Growin’ Up – a blog about life after Smith by Lauren Kaelin ’10 : Independent Women

August 18, 2010

Margaret and I just moved into a new house sitting location complete with cozy animals. This past week has pretty hectic what with moving and all. And made all the worse by CAR TROUBLE.

Ok, I should preface this by saying that Margaret and I kind of knew what we were getting ourselves into with this car situation. Toledo is not really  a city where you can walk places. Everyone takes the expressway to the grocery store. Everything takes 1 hour on foot and 12 minutes by car.

The car we’re driving—a 1995 baby blue Toyota affectionately called Bluey—was given to Margaret for free. It lasted a few weeks without problems, but then a few things went wrong…

  1. The exhaust system had to be replaced.
  2. They botched the replacement of the exhaust system and it had to re-replaced.
  3. Our battery bolts were… rusted?

You know, as far as car trouble goes, we’ve been pretty lucky. Not stranded in the middle of a blizzard, or on a freeway. But being in one of these situations really makes you wish you knew more people.

The third time we had to pick up our car from AAA we had to take a taxi to the outskirts of Toledo. The cab had worn blue upholstery, smelled like my grandmother’s house, and had no idea where AAA was. The cab cost $23—complete with a few wrong turns—and cleaning of the bolts of the battery cost $47.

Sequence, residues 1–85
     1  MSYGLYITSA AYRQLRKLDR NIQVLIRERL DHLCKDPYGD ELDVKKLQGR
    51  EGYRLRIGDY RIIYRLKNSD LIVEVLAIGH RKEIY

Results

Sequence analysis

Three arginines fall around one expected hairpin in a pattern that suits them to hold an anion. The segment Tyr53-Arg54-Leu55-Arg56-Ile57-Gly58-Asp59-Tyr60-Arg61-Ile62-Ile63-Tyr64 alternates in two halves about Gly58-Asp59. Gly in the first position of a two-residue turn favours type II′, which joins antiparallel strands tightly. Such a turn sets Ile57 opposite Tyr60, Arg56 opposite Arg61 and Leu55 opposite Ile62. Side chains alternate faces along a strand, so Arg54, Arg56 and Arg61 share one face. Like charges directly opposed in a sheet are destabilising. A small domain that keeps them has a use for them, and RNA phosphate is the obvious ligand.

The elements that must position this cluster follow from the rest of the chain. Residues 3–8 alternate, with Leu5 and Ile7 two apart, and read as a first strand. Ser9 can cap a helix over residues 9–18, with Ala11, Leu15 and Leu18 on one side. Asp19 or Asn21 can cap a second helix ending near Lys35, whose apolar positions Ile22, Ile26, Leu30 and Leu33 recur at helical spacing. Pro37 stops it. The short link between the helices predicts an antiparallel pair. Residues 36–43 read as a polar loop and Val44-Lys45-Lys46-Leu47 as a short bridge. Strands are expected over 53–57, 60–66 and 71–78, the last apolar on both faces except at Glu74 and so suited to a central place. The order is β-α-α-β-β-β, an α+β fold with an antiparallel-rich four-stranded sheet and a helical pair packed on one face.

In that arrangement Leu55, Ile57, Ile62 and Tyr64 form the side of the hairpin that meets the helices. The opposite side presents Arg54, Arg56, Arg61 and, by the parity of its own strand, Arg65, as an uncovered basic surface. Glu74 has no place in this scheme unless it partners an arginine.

My point in bringing this up—car trouble tests your independence. Margaret and I quickly realized after dropping Bluey off at AutoConnection that we had no idea what could be wrong, no idea how much it could cost, and no idea how we could get the car back. 1hr 20min walk to AutoConnection along Monroe St in our business casual in 95 degrees?

You have to ask for help.

The third time Bluey died outside a small shopping center, I hailed downed a man named John. In the midst of what felt like a flash flood in the Panera parking lot, John jumpstarted our car. And the second time Bluey died, the Interim Director at the Museum drove us to the mechanics and took us out to lunch. And the first time, when Bluey sounded like a thunderous motorcycle, my supervisor drove us home and we brought in blueberry muffins for her the next day.

All the honeys who makin’ money
Throw your hands up at me
All the mommas who profit dollas
Throw your hands up at me

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